[Advaita-l] Realization through Mind

Anand Hudli anandhudli at hotmail.com
Sun Nov 16 10:56:56 CST 2014

Dear Shri Chandramouliji,

>The real issue is the desired objective of freedom from rebirth being

>achieved. Is it at the end of shravana itself or after manana and
>nididhyasana ? Please clarify with reference to the position taken by Sri
>Bhagavatpada as well as with reference to both the schools of thought
>discussed by you.

Direct realization of Brahman/Self (aparokSha-avagatireva
samyagavagatiH as per the VivaraNa and also agreed to by the BhAmatI
school) will result in freedom from rebirth. Says Shankara in his
commentary on BSB 1.1.4, "brahmabhAvashca mokShaH", becoming identical
with Brahman is MokSha, and BSB 4.1.2,
"sarvaduHkhavinirmuktaikacaitany-Atmako aham ityeSha AtmAnubhavaH| na
cainaM AtmAnubhavataH kiMcid-anyatkRtyaM avashiShyate|",  For one who
is experiencing the Self as free from all miseries and as the One
Consciousness, there is nothing else to do.

>*  In other words Bhamati holds that only the mind gives us direct
*>* realization. According to the Bhashya of Sri Bhagavatpada shabda leads to
*>* realization in respect of svaprakasha Atman/Brahman by removing the
*>* obstruction/ajnana which is hindering such realization. Realization is due
*>* to the svaprakasha nature of Atman/Brahman. But when it is held , as in
*>* Bhamati , that mind gives us direct realization, is it not tantamount to
*>* saying that mind itself directly reveals Atman/Brahman leading to direct
*>* realization. It is not by way of removing the obstruction/ ajnana to such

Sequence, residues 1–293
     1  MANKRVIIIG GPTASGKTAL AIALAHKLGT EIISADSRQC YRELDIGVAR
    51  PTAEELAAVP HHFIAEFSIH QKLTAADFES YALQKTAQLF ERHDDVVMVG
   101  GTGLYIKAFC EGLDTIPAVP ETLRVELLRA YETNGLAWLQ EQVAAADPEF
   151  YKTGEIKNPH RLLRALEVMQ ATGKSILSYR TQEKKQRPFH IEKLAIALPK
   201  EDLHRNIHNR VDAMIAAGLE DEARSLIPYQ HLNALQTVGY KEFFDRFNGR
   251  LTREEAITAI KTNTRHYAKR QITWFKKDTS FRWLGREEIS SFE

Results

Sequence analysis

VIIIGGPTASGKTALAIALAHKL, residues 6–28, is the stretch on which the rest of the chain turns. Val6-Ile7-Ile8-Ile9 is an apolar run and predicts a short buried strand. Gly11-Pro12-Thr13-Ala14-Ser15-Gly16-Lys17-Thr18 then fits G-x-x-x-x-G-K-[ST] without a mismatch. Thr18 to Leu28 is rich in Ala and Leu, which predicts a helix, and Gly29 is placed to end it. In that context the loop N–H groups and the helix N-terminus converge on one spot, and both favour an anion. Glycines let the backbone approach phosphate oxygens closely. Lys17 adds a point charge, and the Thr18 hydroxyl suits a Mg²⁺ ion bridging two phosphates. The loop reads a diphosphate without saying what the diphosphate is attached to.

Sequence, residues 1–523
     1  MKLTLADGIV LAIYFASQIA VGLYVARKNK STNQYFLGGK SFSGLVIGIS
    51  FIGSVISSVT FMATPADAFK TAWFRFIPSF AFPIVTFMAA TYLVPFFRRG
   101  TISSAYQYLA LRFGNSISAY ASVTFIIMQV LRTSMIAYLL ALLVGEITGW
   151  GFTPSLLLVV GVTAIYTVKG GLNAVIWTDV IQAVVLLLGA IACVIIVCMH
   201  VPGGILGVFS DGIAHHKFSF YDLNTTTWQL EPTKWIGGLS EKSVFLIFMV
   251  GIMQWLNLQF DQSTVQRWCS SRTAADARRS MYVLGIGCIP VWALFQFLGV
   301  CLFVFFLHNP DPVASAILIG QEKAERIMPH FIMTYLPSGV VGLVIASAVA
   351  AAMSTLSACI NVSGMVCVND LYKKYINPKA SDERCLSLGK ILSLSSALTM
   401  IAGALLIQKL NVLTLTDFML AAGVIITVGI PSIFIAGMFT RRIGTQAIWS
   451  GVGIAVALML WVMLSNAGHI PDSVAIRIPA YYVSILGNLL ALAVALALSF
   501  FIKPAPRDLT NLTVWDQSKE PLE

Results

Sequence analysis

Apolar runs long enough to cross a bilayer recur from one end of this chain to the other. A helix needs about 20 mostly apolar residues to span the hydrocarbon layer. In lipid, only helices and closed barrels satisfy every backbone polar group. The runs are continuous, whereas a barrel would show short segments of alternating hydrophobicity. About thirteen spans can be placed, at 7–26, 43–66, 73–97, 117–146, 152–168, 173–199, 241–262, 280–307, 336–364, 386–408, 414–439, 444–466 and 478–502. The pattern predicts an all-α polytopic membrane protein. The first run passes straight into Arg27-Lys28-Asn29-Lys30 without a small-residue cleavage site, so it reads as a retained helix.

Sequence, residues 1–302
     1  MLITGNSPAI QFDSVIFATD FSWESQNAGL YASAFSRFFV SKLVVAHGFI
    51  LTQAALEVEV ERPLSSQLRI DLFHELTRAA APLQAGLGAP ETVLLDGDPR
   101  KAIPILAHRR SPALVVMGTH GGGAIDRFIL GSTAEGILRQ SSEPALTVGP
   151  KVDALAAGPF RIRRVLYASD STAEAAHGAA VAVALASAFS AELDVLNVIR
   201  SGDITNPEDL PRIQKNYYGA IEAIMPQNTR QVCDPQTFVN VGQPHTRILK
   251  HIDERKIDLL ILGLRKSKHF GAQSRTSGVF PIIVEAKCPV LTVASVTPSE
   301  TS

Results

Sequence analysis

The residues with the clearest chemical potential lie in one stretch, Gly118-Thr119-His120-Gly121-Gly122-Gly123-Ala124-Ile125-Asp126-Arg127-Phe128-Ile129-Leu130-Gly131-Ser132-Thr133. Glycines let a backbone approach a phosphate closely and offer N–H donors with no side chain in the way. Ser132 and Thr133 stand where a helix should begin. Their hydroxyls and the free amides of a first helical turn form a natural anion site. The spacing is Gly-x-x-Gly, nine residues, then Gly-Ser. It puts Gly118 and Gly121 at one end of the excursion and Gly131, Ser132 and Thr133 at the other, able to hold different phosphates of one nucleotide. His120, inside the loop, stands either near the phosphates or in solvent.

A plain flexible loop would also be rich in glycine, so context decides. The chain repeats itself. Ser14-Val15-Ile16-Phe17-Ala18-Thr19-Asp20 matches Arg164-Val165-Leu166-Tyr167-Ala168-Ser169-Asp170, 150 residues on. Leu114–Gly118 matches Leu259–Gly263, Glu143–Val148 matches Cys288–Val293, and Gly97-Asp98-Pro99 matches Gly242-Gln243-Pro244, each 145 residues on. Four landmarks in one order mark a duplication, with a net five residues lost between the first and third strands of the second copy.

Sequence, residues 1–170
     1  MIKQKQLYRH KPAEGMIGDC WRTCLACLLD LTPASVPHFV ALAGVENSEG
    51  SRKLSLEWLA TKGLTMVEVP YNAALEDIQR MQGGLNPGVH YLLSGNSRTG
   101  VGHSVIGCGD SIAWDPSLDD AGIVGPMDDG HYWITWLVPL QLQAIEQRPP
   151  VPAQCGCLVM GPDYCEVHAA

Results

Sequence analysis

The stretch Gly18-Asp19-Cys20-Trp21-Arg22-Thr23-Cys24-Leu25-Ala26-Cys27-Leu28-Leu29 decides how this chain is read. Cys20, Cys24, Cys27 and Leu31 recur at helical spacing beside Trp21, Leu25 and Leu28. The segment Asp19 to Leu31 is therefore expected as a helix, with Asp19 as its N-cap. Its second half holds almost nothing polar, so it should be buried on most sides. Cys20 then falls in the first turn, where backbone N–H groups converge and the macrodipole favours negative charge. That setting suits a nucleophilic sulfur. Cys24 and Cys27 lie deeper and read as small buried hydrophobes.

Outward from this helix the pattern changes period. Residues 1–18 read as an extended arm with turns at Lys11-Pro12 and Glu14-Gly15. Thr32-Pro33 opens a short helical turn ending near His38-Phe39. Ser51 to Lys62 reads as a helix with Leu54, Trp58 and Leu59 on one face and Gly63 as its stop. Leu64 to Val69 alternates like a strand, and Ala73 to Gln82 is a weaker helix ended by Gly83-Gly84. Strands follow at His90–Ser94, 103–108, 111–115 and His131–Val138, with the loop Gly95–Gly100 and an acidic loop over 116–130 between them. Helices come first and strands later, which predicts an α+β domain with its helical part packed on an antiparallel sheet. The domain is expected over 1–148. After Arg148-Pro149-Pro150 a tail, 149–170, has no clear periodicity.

*>* realization. Is this not contrary to the Bhashya? Does Bhamati deviate from
*>* the Bhashya in this regard ? Please clarify.*

Shankara's position on the issue is clarified, for example, in his
commentary on BSB 4.1.1 and 4.1.2. Here, Shankara says that although
some people can directly realize the Self by hearing the text only
once, there are others, who are afflicted by ignorance, doubt, and
confusion, cannot realize so by hearing only once. For these people,
repetition is recommended. Shankara also says that though there is a
vague understanding of a sentence heard only once, by a process of
repeatedly considering the meaning of the sentence and removing any
erroneous conceptions, people do arrive at a true understanding.
(dṛśyante hi sakṛt śrutāt vākyāt mandapratītaṃ vākyārtham āvartayantaḥ
tat tat ābhāsavyudāsena samyak pratipadyamānāḥ )This is explained by
the bhAmatI to mean that the meaning of such texts as tattvamasi is
very difficult to grasp, that it cannot be done quickly, and that it
takes a long time, with no interruptions and with all earnestness.
Note that Shankara does admit that understanding the true meaning of
tattvamasi is person-dependent. Some can do it at the first attempt,
for while others repetition is necessary. (tasmāt parabrahmaviṣaye api
pratyaye tat upāya upadeśeṣu āvṛttisiddhiḥ)

 There is not really any big difference between the two schools if you
analyze them. They are just two viewpoints of what Shankara is saying.
What BhAmati is saying is that generally it takes a lengthy process of
shravaNa, manana, and nididhyAsana to achieve that AparokShAnubhUti or
BrahmasAkShAtkAra, but someone who achieves BrahmasAkShAtkAra in an
instant by listening to the VedAnta text just once is also not ruled
out. In this case, the lengthy process should have been undergone in
previous lives, and all that is needed in this life is just hearing
the vAkya only once. What the VivaraNa is saying is that shabda gives
rise to direct realization (aparokSha-avagati), but also adds that due
to obstacles (pratibandha's) in the mind, the direct realization is
delayed until such time that the obstacles are removed
(pratibandhanirAsa) by manana and nididhyAsana.  It is possible for
one who does not have any such obstacles to have the aparokSha-avagati
by hearing the vAkya only once.


More information about the Advaita-l mailing list